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Wellness Design: Trauma-informed Indicators

September 23 @ 4:00 pm - 5:30 pm PDT

AIA|LA Design For Dignity Roundtable:
Wellness Design: Trauma-informed Indicators

REGISTER HERE. (Free w/ advance RSVP)

As a follow-up to our 5th annual “Design for Dignity” conference, we’re organizing a series of roundtables to further advance the various initiates introduced during our break-out discussions.

This roundtable will serve as a forum to further explore the topic outlined below and identify pro-active next-steps to implement ideas on how we can best address our housing crisis.

Wellness Design: Trauma-informed Indicators

The goal of this follow-up session is to identify and/or develop shareable, adoptable guidelines to promote intentional implementation of trauma-informed design practices in the design industry. In this session, we will seek to educate ourselves on existing bodies of knowledge and available resources pertaining to trauma-informed design, and work to develop a set of principles that can be shared and adopted. We will assemble a team to develop and/or promote a resource that bridges evidence and precedent with practice in a distilled format. In addition to relying on evidence-based research, wellness design is unique in that it must listen and respond to the communities being served. The voices and stories of individuals with lived experience can serve not only to assist designers in evaluating and revising design approaches, but as a valuable communication tool to grow public support and commitment to addressing community needs. Part two of our follow-up will be to further educate ourselves on existing avenues for gathering and sharing stories of lived experience, and work to increase access to such content for the broader community of stakeholders working to solve the housing and homelessness crisis.

Roundtable Participants:
Anne Riggs, AIA, CASpAssociate, David Baker Architects
J. Davis Harte, PhDEducator, Advocate & Speaker, Design for Human Health, Boston Architectural College

REGISTER HERE. (Free w/ advance RSVP)

Background info:

Wellness Design, a term we are using to incorporate a range of strategies to fight the causes and effects of systemic injustice and trauma in the built environment, is an emerging field of study and practice which is beginning to gain critical mass. Trauma-informed design, in particular, is an emerging field as it relates to housing. This session identified several approaches for how AIA LA can contribute to the advancement of the wellness design field, including trauma-informed design and gender-safe spaces, and educate the industry and stakeholders.

During the first breakout session at “Design For Dignity”, we identified a list of questions for follow up:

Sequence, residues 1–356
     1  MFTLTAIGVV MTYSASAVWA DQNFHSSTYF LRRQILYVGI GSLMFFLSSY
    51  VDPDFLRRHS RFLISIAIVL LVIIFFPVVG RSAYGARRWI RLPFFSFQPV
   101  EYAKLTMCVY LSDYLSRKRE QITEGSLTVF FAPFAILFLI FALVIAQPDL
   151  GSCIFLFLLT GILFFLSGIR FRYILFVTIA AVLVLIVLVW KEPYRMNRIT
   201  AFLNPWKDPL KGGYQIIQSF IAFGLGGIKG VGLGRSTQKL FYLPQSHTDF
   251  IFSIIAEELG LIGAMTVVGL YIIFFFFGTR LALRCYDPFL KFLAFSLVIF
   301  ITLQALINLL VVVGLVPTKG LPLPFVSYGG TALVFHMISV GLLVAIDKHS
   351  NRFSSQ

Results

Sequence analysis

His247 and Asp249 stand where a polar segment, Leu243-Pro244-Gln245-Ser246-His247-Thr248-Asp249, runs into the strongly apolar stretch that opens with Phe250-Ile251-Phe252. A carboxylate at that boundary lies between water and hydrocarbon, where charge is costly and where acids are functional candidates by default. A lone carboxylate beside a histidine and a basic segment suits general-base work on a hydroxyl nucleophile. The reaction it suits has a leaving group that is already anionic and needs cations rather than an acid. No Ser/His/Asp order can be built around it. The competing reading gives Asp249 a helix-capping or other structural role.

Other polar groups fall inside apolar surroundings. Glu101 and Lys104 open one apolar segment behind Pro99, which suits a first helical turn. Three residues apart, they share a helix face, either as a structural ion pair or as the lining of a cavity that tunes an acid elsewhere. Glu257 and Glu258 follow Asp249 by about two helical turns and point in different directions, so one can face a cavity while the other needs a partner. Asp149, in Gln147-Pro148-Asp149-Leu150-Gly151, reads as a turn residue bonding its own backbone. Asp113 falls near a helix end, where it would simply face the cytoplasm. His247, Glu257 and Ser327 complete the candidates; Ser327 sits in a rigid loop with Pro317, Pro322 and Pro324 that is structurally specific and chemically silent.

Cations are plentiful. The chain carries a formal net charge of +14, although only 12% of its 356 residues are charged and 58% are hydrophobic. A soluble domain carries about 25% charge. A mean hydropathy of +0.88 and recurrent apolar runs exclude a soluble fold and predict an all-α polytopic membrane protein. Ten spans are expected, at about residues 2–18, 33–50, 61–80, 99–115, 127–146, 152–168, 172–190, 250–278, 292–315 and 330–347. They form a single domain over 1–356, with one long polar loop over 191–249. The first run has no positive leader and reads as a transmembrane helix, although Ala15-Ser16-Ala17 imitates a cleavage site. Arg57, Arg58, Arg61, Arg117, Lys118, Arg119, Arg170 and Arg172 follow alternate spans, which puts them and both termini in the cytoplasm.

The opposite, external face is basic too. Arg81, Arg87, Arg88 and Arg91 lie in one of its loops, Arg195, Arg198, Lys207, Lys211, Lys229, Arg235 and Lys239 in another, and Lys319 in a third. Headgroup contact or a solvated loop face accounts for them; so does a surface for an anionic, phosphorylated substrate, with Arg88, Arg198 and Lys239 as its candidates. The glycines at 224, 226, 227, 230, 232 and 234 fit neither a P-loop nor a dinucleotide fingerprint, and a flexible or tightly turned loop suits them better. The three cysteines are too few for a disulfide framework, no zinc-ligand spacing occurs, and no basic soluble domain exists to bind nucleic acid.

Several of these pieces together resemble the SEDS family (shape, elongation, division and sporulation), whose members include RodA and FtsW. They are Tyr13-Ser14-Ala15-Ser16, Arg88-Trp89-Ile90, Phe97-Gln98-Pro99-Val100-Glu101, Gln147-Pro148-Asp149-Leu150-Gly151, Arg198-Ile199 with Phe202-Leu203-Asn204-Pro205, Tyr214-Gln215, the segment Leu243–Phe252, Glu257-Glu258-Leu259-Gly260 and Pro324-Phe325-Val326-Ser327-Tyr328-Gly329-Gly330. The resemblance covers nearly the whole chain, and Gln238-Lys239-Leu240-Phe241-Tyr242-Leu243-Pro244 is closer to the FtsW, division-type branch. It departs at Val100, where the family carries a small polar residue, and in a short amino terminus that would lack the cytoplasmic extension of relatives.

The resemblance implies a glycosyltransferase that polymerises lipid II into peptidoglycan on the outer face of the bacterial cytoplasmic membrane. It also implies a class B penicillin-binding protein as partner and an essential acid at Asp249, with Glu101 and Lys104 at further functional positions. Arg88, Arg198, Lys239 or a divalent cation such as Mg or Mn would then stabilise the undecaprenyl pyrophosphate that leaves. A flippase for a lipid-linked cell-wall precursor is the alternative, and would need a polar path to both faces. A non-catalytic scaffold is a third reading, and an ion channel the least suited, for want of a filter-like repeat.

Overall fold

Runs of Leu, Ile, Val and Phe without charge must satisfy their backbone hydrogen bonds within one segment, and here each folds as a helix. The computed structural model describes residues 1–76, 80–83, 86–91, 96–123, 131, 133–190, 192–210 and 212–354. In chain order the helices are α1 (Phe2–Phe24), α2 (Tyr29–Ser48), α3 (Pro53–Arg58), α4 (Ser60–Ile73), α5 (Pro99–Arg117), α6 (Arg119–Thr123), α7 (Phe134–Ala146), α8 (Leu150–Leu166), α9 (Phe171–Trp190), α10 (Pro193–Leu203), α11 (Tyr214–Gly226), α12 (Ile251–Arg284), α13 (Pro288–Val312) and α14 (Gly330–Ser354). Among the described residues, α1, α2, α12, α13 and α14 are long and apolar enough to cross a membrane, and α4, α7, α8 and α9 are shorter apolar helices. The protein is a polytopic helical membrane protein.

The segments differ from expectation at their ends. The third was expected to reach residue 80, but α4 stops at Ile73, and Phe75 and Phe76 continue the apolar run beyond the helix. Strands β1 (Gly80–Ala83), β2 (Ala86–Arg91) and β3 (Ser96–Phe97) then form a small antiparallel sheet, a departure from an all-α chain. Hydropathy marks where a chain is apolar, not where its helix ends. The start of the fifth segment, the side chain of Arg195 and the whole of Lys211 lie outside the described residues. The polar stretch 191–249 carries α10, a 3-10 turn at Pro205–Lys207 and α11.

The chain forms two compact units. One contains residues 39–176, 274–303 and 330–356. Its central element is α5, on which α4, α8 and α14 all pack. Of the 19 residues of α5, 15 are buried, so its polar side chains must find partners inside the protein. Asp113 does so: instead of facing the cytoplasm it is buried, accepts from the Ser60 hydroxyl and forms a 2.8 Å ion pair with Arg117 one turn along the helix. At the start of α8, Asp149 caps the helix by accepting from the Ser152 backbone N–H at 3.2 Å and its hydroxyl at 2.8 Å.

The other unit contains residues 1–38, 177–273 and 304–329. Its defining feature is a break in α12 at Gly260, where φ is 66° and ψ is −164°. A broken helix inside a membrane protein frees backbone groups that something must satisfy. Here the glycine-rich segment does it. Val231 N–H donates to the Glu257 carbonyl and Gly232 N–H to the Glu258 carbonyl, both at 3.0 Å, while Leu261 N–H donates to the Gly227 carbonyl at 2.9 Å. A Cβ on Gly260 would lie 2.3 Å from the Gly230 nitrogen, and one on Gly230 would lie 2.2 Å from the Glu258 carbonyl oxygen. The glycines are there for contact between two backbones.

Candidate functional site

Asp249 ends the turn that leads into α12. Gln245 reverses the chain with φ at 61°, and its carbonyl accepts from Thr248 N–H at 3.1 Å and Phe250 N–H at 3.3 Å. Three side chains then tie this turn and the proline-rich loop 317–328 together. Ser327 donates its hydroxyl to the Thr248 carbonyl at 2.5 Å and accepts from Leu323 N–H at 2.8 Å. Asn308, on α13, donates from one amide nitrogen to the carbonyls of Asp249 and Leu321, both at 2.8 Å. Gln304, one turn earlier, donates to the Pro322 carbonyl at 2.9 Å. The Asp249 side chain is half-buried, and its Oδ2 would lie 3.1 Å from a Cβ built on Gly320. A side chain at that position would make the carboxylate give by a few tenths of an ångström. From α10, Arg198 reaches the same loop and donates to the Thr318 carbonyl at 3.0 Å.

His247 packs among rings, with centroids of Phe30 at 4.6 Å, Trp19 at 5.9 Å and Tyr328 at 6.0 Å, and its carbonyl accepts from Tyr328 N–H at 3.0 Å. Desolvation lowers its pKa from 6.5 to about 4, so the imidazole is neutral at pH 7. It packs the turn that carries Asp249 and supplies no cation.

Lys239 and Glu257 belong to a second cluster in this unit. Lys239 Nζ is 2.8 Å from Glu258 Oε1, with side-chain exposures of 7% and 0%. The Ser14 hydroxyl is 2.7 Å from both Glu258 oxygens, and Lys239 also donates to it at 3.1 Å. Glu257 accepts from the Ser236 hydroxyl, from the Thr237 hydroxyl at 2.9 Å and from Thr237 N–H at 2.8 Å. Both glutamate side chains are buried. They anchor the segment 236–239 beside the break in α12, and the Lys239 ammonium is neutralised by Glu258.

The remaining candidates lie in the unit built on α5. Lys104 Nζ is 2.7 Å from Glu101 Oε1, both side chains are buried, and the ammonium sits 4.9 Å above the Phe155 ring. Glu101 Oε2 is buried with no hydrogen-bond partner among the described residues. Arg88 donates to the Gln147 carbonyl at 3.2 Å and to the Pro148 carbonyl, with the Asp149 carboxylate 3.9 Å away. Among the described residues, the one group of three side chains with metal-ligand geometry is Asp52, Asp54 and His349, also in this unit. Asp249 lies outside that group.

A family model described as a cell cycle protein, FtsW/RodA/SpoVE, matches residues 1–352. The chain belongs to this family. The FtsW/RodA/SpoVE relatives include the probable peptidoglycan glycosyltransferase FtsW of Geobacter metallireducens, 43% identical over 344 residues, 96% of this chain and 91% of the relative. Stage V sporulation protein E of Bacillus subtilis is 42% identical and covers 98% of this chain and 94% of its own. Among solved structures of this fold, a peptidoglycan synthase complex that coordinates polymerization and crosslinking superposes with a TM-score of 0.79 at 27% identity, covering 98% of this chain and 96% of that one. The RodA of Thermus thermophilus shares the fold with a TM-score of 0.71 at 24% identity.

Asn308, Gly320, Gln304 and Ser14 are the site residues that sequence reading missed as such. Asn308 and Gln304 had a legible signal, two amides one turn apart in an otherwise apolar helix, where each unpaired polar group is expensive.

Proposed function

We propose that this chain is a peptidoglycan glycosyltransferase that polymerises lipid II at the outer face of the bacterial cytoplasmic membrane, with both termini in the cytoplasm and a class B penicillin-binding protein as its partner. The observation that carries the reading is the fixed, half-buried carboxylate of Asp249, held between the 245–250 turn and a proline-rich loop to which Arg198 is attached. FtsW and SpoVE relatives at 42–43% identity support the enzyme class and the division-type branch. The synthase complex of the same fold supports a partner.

1) How can we promote the inclusion of existing and emerging professionals as a resource throughout the design process? For example, communication and implicit bias coaches, and trauma-informed designers with an understanding of evidence-based design strategies for trauma-informed spaces.

2) How can we communicate the value of community inclusion to private and public sector decision makers? How can we expand the concept of wellness design to entire neighborhoods?

3) How can we harness the power of evidence-based research without inadvertently incentivizing “cookie-cutter” solutions over creative and unique responses to community needs? Can we develop an evidence-based process as opposed to pre-defined design solutions. For example, can we incorporate ethnographic studies during the programming phase (more deliberate and informed user focus groups etc).

4) How can the AIA step up to offer training such as implicit bias, community engagement, etc.?

5) How can we mobilize individuals with lived experience to share their stories, humanizing the issues facing our communities and empowering designers to practice empathy and creativity?

During the second session at “Design For Dignity”, we distilled a tandem set of action items for follow-up. The common theme of these action items is education and communication.

1) There is currently a lot of great work being done on wellness design and trauma-informed design, but one of the challenges we identified is the difficulty of packaging this body of knowledge into an easily digestible and shareable format. Part one of our follow-up will be to further educate ourselves on existing bodies of knowledge, and work to develop a set of principles that can be shared and adopted. This may involve contributing to and promoting an existing rubric, such as International Well Building Institute guidelines. We will assemble a team to develop and/or promote a resource that bridges evidence and precedent with practice in a distilled format.

2) In addition to relying on evidence-based research, wellness design is unique in that it must listen and respond to the communities being served. The voices and stories of individuals with lived experience can serve not only to assist designers in evaluating and revising design approaches, but as a valuable communication tool to grow public support and commitment to addressing community needs. Part two of our follow-up will be to further educate ourselves on existing avenues for gathering and sharing stories of lived experience, and work to increase access to such content for the broader community of stakeholders working to solve the housing and homelessness crisis. This could be through AIA’s online education platform, a podcast, or similar format.

Details

Date:
September 23
Time:
4:00 pm - 5:30 pm PDT
Event Categories:
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Venue

A virtual ZOOM meeting